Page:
Heirloom Tomatoes Oven Dried or Provencal

I knew I had to have an accompaniment with my beef tenderloin and with all the different varieties of heirloom tomatoes around, why not cook them my favorite way? A few of these heirloom tomatoes are from my garden and some from my sous chef Chuck Taylor.

 

Pick out some small or medium heirloom tomatoes.

Prepare topping:

1 cup of Panko bread crumbs

1/4 cup chopped fresh Thai Basil

2 tablespoons olive oil

1/4 cup Parmesan cheese

freshly cracked black pepper

Kosher Salt

Cut tomatoes in half and place them in a baking dish

Toss the Panko crumbs with the Thai basil, olive oil and Parmesan cheese. Season with salt and pepper

Drizzle a little olive oil on top

Season with salt and pepper.

Oven Roasted Heirloom Tomatoes

6 heirloom tomatoes, sliced thin

Lay the sliced tomatoes and a rack over a cookie sheet to catch the drippings. Drizzle with Extra Virgin Olive Oil. Season with salt and freshly ground black pepper. Place in a preheated 200 degree oven for a couple of hours or until dry. The dried tomatoes can be stored in olive oil in the refrigerator for a couple of weeks.

They are great on pizzas, salads or serve with cheese and crackers!!

4 Responses to “ “Heirloom Tomatoes Oven Dried or Provencal”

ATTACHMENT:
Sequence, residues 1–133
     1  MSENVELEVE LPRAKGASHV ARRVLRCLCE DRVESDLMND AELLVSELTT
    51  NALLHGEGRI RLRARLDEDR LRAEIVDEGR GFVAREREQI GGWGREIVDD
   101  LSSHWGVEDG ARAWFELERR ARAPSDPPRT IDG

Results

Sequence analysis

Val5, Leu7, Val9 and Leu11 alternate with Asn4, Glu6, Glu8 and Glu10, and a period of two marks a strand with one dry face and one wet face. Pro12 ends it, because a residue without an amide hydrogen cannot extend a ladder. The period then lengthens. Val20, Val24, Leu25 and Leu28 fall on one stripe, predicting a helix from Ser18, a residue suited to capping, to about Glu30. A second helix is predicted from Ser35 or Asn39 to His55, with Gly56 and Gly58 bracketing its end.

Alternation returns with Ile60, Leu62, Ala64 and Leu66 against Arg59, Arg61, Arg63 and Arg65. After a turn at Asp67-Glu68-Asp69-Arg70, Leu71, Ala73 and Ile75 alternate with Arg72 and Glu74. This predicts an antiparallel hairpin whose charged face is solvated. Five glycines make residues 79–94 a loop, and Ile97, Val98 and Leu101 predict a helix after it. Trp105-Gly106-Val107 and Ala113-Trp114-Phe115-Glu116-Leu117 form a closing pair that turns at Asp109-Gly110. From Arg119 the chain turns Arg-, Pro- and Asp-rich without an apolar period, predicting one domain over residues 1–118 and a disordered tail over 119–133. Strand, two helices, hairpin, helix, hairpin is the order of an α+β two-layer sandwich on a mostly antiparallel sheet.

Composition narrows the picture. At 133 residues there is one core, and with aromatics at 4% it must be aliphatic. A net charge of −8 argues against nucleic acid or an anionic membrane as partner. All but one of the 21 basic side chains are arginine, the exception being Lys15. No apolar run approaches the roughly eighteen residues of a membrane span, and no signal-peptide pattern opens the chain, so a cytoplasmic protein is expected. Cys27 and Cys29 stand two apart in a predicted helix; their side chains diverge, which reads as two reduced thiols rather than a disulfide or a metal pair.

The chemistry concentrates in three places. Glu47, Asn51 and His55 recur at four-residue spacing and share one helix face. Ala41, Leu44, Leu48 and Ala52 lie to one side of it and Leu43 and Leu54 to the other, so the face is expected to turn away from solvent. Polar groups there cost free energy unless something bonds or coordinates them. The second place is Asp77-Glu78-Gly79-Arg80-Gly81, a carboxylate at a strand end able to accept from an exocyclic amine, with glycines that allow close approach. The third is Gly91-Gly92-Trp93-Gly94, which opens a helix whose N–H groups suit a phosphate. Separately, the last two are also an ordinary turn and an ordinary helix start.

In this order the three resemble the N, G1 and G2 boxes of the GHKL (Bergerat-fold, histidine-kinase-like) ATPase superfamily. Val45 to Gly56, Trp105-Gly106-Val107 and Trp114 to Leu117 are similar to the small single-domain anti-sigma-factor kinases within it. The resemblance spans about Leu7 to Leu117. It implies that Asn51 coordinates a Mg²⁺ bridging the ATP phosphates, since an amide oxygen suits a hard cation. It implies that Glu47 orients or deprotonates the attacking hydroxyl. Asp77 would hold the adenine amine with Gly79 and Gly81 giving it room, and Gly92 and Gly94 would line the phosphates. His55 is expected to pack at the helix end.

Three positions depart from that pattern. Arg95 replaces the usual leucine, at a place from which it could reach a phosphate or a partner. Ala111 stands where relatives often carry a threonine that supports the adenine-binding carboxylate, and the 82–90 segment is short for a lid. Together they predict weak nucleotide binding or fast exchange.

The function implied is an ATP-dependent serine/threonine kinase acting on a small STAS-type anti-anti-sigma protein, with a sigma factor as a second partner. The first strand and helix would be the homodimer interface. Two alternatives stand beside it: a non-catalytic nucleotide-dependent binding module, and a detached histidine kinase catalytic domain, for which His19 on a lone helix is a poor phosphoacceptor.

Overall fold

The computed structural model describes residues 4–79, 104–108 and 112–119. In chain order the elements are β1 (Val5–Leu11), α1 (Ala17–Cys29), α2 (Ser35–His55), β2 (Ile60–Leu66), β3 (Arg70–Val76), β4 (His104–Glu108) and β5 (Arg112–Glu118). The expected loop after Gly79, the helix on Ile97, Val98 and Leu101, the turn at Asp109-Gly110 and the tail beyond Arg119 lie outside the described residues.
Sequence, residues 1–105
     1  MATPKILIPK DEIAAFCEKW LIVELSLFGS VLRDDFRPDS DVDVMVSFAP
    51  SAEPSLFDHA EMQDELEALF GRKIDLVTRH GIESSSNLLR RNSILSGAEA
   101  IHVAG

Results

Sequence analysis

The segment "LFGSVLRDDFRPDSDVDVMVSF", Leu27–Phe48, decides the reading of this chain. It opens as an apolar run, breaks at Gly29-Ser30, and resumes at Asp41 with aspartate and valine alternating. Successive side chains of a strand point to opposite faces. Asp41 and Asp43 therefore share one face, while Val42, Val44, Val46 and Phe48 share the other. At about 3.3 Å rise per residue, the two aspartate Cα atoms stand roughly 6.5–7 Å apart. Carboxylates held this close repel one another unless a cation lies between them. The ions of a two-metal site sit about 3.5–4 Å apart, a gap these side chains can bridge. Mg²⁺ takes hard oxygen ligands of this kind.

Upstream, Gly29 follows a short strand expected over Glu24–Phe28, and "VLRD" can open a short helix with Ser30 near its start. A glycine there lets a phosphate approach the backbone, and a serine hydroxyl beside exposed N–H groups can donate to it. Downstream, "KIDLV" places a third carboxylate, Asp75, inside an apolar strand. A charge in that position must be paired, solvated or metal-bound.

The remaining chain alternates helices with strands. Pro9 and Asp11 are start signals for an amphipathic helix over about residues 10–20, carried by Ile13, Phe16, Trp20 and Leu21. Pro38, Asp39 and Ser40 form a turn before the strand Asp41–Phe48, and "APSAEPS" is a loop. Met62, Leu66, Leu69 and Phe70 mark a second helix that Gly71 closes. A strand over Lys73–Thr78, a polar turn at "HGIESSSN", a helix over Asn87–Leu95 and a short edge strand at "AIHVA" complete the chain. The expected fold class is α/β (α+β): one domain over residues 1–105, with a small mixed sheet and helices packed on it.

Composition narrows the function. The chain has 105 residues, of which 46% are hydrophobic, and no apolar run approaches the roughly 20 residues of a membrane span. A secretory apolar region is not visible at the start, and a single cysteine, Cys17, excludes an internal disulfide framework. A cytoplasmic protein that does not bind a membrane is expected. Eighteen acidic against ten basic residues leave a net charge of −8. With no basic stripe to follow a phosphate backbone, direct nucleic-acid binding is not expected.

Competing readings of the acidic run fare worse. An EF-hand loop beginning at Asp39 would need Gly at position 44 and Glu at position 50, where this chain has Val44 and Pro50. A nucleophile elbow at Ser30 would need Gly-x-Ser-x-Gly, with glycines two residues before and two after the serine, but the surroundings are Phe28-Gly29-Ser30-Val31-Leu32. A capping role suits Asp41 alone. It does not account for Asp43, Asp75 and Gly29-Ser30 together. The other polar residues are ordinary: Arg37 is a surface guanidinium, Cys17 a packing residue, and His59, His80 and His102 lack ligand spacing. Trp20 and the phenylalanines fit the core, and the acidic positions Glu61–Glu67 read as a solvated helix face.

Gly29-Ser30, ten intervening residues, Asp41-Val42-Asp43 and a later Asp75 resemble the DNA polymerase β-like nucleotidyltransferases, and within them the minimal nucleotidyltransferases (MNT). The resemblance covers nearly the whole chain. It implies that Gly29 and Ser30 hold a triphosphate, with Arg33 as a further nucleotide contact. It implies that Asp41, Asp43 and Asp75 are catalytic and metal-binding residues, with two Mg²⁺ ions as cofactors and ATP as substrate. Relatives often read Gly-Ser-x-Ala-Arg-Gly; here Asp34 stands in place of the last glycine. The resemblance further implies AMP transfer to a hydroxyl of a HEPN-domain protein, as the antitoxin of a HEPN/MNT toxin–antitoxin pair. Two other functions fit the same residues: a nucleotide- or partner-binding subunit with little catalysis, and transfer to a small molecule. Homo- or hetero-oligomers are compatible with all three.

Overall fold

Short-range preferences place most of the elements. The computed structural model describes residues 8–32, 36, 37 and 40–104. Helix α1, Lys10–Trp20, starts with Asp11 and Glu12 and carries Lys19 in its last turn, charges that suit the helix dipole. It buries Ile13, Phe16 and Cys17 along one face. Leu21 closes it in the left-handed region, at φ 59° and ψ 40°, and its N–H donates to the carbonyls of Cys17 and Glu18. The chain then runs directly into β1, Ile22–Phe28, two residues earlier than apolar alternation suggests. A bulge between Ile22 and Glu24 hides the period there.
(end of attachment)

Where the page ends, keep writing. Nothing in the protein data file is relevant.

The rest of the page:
1. Rachel Stone says:

    My family grew some delicious heirloom tomatoes this year, with seeds from Baker Creek. We’ve eaten tons & tons fresh, but since we’ve got so many, I developed a really simple Thai-inspired eggplant-tomato curry (with a little organic beef) that features cherry tomatoes (in our case, old world Riesentraube tomatoes) added at the last moment, so that they retain all that’s lovely about a fresh tomato. As it happens, I posted this on my blog today; check it out at http://eatwithjoy.wordpress.com/2011/08/07/sunday-recipe-summer-thai-curry/. Growing your own=the recession-friendly option! Otherwise, I think we’d have only the stuff from cans. I’m definitely going to try these–they look delicious!

  2. Carolyn Jung says:

    Beautiful tomatoes. And love the crunchy panko topping. I’ve got some beefsteak varieties ripening in my yard. Definitely going to have to save some for this dish.

  3. Susan says:

    Wondering where I can find Thai basil. I’ve read that there is a mild licorice flavor.

    I’m not a fan of licorice. Would regular sweet basil work as well?

  4. JonasOfToronto says:

    @ susan – Thai basil should be in any Asian market that sells produce, it has a purplish color. I highly recommend trying it over fish, chicken and soups as a late addition, finely chopped. The pungent basil flavors have an overtone of anise that is not overpowering and subtly works with the flavoring of many dishes.
    If you’re short of Thai Basil, ypu can find are other pungent, spicy types of basil such as those used to make pesto. Ask around, or plant some seeds.
    I never use spice blends or prepared sauces, so fresh herbs are my #1 go-to.

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